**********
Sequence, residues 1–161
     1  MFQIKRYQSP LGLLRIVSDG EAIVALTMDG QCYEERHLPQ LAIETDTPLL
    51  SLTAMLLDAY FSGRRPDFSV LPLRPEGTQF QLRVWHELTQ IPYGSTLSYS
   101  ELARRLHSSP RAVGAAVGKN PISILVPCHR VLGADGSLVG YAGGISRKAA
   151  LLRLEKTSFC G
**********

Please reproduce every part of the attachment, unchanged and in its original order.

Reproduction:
Sequence, residues 1–161
     1  MFQIKRYQSP LGLLRIVSDG EAIVALTMDG QCYEERHLPQ LAIETDTPLL
    51  SLTAMLLDAY FSGRRPDFSV LPLRPEGTQF QLRVWHELTQ IPYGSTLSYS
   101  ELARRLHSSP RAVGAAVGKN PISILVPCHR VLGADGSLVG YAGGISRKAA
   151  LLRLEKTSFC G